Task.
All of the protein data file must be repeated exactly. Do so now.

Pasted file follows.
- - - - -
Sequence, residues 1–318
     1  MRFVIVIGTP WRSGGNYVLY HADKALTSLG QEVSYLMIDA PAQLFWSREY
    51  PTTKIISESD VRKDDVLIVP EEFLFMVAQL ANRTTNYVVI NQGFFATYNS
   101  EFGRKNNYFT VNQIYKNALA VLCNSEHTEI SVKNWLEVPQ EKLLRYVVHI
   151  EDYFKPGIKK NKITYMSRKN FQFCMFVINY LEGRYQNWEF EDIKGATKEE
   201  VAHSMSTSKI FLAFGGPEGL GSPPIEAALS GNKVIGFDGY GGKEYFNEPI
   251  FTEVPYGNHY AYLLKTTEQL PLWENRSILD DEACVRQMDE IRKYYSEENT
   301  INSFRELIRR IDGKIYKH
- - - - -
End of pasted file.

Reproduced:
Sequence, residues 1–318
     1  MRFVIVIGTP WRSGGNYVLY HADKALTSLG QEVSYLMIDA PAQLFWSREY
    51  PTTKIISESD VRKDDVLIVP EEFLFMVAQL ANRTTNYVVI NQGFFATYNS
   101  EFGRKNNYFT VNQIYKNALA VLCNSEHTEI SVKNWLEVPQ EKLLRYVVHI
   151  EDYFKPGIKK NKITYMSRKN FQFCMFVINY LEGRYQNWEF EDIKGATKEE
   201  VAHSMSTSKI FLAFGGPEGL GSPPIEAALS GNKVIGFDGY GGKEYFNEPI
   251  FTEVPYGNHY AYLLKTTEQL PLWENRSILD DEACVRQMDE IRKYYSEENT
   301  INSFRELIRR IDGKIYKH